Local Towns around Düsseldorf

Urban spaces close to the state capital

Written by Philipp Schiwek and last edited by Garry on


Düsseldorf may be the capital of the state of North Rhine Westphalia but it is far from being the oldest settlement in the region. Smaller and often quainter, the variation of landscape and building materials vary quite remarkably, giving each place a somewhat unique appearance. The towns of Neuss, Ratingen, Krefeld, Mönchengladbach and Solingen surround Dusseldorf and with their history and structure they can be considered interesting examples of German town development.


Next to Dusseldorf on the western bank of the Rhine lies one of the oldest cities in Germany. Neuss, with 150,000 inhabitants is a medium-scale town and is growing constantly. Its history goes back to the time of the Romans and even today it is possible to admire the historical Kybele site from the 4th century. The main landmark of Neuss is, however, the basilica Quirinus Munster. This late-romantic church was built at the beginning of the twelfth century and is an imposing building. The unusual museum Insel Hombroich is also very interesting. Situated in a park meadow, terrace scenery of 12 pavilions has been created. In these buildings, themselves an art form, artworks are shown.


Ratingen is to the east of Dusseldorf and in the northwest foothills of the Bergisches Land. With just 93,000 inhabitants Ratingen is a small to medium-sized town. It is already so old that the first settlements are no longer noticeable. A real museum treasure is the Industrie museum Cromford. With the help of the first factory in the whole of mainland Europe, the cotton-spinning mill Brügelmann, the early industrialisation and the introduction of factories is impressively explained. The town also offers nature, parks and recreation areas that include two large lakes.


A little further to the southeast of Hilden, there lies the industrial town of Solingen, known internationally for its knives. Entitled the Klingenstadt (Blade Town), the town name is a protected brand name for high-class knifes and shears. Some 90% of the German knife industry is based in Solingen. Geographically, Solingen is placed in the Bergisches Land but culturally Solingen still belongs to the Rhineland. The city itself is a union of several boroughs so it has no real town centre but many small centres. Walking through Solingen, the contrasts of rural and urban scenery as well as industry and living spaces are striking. Many green areas, which were once the deserted brook valleys between the boroughs offer recreation oases in the middle of the town.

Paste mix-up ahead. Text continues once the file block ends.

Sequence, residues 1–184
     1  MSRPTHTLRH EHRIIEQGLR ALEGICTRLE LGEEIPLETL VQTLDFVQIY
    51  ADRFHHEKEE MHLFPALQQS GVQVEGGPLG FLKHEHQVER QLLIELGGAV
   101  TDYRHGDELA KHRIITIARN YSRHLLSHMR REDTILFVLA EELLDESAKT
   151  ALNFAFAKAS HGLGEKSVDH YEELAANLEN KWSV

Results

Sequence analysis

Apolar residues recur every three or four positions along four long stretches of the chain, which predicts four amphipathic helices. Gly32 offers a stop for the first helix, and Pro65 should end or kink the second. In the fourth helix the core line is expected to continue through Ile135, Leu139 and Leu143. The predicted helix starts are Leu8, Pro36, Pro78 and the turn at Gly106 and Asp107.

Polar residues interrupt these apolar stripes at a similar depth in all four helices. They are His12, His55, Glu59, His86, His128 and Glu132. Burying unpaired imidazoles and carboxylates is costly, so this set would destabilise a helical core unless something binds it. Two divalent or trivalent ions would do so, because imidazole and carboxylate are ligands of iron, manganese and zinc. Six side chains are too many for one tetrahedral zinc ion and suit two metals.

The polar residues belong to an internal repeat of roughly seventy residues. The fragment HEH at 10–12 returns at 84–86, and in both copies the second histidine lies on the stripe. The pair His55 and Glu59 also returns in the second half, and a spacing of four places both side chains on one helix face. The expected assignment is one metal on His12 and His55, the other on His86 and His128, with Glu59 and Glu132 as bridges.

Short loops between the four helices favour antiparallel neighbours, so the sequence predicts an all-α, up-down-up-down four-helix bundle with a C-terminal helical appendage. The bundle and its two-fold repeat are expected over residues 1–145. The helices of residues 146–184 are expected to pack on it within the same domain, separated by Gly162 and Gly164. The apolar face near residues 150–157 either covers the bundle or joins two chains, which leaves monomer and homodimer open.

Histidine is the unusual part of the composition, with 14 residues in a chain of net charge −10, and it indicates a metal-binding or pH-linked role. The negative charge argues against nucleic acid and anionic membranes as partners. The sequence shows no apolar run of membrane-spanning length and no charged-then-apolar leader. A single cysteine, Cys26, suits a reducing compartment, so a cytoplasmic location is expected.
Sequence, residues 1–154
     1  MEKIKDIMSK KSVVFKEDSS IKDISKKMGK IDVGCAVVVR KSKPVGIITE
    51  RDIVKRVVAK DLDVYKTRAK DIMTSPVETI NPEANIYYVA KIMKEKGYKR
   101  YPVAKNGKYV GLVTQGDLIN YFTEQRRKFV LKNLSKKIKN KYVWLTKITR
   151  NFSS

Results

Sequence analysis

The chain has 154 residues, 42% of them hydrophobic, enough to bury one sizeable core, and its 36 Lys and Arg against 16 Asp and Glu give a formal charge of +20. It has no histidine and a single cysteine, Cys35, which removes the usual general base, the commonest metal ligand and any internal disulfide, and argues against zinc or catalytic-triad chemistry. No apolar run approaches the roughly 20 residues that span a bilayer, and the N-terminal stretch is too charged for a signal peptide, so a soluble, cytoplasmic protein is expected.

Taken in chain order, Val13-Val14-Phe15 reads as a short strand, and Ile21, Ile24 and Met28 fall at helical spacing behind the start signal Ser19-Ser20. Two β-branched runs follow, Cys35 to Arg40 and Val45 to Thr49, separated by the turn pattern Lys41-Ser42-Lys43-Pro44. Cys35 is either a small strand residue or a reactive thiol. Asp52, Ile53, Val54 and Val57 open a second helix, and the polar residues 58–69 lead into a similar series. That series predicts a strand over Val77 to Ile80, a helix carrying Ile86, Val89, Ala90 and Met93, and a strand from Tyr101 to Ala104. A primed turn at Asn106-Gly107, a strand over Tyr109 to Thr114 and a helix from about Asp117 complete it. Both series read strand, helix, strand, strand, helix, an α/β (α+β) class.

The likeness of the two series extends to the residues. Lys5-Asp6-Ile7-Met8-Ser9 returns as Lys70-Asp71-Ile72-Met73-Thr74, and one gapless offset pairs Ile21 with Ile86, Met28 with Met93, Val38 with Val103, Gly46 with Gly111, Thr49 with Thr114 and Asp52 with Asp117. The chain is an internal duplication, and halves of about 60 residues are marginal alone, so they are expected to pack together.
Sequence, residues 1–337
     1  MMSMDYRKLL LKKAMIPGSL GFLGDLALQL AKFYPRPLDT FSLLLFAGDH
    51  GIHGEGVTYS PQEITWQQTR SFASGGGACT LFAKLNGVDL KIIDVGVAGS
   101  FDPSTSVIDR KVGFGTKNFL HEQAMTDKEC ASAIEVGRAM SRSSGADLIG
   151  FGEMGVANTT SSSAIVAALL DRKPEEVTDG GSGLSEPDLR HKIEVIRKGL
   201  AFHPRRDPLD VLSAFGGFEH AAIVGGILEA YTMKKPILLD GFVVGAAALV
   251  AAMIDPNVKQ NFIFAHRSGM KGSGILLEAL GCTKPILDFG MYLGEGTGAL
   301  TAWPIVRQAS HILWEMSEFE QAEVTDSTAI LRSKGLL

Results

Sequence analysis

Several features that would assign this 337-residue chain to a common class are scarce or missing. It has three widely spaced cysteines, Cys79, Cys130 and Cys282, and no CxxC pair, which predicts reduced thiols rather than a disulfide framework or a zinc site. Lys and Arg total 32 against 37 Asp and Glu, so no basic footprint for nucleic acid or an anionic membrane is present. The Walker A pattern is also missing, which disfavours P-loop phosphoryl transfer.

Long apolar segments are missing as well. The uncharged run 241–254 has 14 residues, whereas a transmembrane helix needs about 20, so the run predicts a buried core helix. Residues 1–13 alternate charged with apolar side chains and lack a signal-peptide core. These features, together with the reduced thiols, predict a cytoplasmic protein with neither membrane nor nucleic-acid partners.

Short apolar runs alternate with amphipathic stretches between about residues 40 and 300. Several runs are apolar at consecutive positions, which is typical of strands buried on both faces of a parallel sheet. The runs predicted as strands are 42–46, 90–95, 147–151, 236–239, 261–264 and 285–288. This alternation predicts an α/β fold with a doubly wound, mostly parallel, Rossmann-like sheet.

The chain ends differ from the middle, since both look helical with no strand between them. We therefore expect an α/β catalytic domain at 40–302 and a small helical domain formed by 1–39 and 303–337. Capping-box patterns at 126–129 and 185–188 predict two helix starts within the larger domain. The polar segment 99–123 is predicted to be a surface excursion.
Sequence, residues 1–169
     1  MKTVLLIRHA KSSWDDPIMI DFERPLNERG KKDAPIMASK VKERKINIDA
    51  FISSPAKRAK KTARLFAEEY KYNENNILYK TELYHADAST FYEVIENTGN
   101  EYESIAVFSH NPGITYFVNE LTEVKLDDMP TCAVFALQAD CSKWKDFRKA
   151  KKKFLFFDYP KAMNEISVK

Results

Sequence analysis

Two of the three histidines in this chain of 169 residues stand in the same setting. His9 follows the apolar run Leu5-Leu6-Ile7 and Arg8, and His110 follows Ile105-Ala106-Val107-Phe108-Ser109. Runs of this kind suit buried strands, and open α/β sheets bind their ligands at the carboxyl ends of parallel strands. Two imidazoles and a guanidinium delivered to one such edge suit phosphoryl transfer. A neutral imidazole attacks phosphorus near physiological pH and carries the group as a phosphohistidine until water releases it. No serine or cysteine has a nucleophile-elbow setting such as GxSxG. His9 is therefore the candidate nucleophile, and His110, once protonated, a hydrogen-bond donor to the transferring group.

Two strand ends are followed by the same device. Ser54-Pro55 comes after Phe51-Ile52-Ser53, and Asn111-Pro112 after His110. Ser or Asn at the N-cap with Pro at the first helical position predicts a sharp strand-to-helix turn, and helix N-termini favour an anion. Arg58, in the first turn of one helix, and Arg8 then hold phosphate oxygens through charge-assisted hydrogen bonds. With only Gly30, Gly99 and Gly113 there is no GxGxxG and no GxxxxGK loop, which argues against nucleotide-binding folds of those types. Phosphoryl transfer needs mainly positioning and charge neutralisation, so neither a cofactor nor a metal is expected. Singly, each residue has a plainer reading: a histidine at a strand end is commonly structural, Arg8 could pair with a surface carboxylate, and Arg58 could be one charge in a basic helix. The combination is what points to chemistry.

To the west of Dusseldorf is the borough of Mönchengladbach, which originated in 1975 from the union of the towns of Rheydt, Wickrath and Mönchengladbach. With 270,000 inhabitants it constitutes an urban centre on the left of the Lower Rhine region and this signifies the atmosphere of the town; it offers many parks and woods to maintain its rural charms. A very nice sight is the moated Rheydt castle. It is embedded in ditches and surrounded by a typical landscape in the Lower Rhine. The football club Borussia Mönchengladbach is also a trademark of the town.


Northwest of Dusseldorf lies Krefeld, bordering on the Ruhr Area. It was the European centre of silk and velvet production during the 18th and 19th century. The hockey fan knows Krefeld due to the Krefelder Penguins. Animal lovers visit the Krefelder zoo with its 1,300 animals. Some unfortunately also know of the Krefelder Klinikum medical centre, which ranks amongst the ten best in Germany. Cycle paths lead straight through the centre, enabling the town to be experienced from several angles. The landscape protection areas, windmills and districts of Uerdingen and Hüls form a contrast to the main centre.

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ISR Info Day

Young students at the ISR International School Rhine

Parents and students are welcome to attend the Internatiuonal Spring Festival at ISR International School on the Rhine on November 16. Learn all about the school's academic program and extracurricular activities offered on their modern campus just a few minutes from downtown Düsseldorf. Education from kindergarden to grade 12.


boot Düsseldorf



boot Düsseldorf, the largest water sports trade fair in the world sets new standards year after year. January 2010 follows in the footsteps of the 50th anniversary celebration. 250,000 visitors from 102 nations can view a wide range of desirable craft and accessories while interacting with over 2,000 exhibitors from 70 countries.